December 13, 2019
1 min read

Pocket UV-C device can reduce stethoscope contamination

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Curtis J.  Donsky, MD
Curtis J. Donskey

A novel ultraviolet C device was effective in reducing contamination on stethoscope diaphragms from several pathogens, according to data from a recent study.

“Stethoscopes frequently become contaminated with pathogens but are rarely cleaned in clinical settings,” Curtis J. Donskey, MD, professor of medicine at Case Western University and staff infectious disease physician at the Louis Stokes Cleveland VA Medical Center, told Healio. “The idea behind the wearable UV device is that it could provide an automated UV-C cycle for the stethoscope diaphragm between each use.”

The device, called StetClean (egoHEALTH), is a pocket-sized box that can be carried in a front or side coat pocket and attached to a stethoscope diaphragm after each use, initiating an automatic 3- or 5-minute cycle of UV-C light generated by an LED, Donskey and colleagues explained.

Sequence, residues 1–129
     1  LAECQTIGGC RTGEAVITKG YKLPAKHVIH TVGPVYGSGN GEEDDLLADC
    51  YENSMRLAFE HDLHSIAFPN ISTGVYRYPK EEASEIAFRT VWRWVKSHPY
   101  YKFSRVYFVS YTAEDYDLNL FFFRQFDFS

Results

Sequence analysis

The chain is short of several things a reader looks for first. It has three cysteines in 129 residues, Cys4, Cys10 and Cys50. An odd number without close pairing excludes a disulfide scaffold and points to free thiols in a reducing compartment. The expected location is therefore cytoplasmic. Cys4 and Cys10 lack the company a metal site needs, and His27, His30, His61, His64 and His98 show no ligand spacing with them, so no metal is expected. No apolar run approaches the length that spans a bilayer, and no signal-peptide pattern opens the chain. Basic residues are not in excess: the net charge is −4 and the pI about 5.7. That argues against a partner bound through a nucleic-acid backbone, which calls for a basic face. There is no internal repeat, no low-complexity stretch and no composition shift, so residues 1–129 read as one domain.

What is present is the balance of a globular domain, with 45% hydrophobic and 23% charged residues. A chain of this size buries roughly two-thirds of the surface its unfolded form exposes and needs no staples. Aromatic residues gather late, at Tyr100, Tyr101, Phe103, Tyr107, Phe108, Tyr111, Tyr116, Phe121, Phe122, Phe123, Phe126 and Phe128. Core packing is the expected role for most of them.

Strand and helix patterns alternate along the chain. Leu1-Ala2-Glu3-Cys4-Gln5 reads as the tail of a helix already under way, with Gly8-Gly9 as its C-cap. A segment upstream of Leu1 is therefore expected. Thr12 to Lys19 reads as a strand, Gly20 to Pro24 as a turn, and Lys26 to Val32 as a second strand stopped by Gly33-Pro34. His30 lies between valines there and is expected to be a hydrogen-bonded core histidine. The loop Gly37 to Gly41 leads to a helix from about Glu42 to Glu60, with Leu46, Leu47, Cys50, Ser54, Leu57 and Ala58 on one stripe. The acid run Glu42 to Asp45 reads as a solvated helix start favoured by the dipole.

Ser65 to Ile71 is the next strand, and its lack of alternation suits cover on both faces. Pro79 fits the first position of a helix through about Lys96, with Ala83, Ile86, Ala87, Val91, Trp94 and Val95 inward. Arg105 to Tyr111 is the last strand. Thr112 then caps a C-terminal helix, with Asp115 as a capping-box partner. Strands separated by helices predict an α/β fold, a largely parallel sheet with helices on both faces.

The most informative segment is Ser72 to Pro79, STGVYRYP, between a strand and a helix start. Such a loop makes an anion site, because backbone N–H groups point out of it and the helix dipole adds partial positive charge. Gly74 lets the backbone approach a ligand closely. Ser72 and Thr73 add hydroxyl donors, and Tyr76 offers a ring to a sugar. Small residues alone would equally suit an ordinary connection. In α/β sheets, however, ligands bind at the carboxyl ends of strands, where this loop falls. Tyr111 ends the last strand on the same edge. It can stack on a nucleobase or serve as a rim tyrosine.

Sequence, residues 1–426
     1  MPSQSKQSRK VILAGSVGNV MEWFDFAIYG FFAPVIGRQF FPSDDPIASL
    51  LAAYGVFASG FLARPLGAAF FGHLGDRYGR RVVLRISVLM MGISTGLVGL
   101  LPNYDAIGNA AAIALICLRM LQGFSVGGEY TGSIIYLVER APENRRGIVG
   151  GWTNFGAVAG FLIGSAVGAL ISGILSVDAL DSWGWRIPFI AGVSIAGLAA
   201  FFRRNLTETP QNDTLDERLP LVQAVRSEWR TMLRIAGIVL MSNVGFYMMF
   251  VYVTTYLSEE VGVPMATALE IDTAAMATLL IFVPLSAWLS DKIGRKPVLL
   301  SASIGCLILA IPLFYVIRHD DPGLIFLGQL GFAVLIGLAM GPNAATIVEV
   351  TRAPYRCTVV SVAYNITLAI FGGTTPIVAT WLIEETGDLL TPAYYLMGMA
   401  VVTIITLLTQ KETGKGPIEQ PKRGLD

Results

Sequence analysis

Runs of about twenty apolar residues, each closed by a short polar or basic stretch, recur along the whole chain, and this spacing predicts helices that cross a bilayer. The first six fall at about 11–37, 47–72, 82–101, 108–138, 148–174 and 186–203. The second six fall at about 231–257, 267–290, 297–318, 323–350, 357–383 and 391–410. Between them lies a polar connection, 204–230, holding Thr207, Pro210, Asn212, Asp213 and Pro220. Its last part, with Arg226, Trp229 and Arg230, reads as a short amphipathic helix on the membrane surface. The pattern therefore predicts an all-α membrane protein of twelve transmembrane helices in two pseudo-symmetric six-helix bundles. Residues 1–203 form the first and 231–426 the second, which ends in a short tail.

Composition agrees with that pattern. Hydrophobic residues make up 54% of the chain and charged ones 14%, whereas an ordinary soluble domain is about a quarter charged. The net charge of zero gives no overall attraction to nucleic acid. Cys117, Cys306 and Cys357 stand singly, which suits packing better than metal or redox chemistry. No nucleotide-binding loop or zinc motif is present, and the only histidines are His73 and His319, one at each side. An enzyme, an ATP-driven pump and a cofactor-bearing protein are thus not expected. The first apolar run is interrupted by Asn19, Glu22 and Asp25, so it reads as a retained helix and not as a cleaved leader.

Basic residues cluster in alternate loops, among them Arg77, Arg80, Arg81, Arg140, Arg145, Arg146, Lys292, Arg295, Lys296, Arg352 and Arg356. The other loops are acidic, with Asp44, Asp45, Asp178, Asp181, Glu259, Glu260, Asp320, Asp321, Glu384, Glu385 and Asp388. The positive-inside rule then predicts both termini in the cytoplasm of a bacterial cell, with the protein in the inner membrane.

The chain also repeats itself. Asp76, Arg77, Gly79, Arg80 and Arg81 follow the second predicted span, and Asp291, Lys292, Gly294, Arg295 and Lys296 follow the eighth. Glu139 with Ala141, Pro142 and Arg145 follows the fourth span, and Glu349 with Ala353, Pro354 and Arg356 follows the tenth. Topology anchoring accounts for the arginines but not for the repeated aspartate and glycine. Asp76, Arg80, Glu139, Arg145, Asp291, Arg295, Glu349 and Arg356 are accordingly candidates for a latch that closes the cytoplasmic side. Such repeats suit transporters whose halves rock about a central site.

They tested the device against one strain of MRSA, Clostridioides difficile spores, Candida auris and vancomycin-resistant Enterococcus (VRE) faecium by spreading the organisms on the stethoscopes, allowing them to airdry, and then exposing them to the 3-minute UV-C cycle. They also tested the ability of the device to eliminate MRSA transfer during patient exams.

a photo of a stethoscope 
The UV-C cleaning device, small enough to be kept in doctor’s pockets, was determined to be effective in reducing contamination on stethoscope diaphragms.
Source: Curtis J. Donskey

According to the findings, using the device reduced the recovery of VRE, MRSA and C. auris by more than 2 log colony forming units (CFU), and C. difficile spores by 0.8 log CFU.

Additionally, among 45 MRSA-colonized patients included in the device assessment, the UV-C cycle reduced the frequency of MRSA recovery from 17 of 45 (38%) to 4 of 45 (9%).

“The UV device was easy to use and was effective in reducing contamination on stethoscope diaphragms,” Donskey said. “The device was not more effective than using antimicrobial wipes, but the fact that it provides an automated UV cycle could potentially result in increased compliance with stethoscope decontamination.”

Donskey and colleagues did not test the device against any gram-negative pathogens but said previous studies have demonstrated that UV-C is similarly effective against gram-positive and -negative organisms. – by Caitlyn Stulpin

Disclosures: Donskey reports receiving research grants from Boehringer Laboratories, Clorox, GOJO, Merck, PDI and Pfizer. All other authors report no relevant financial disclosures.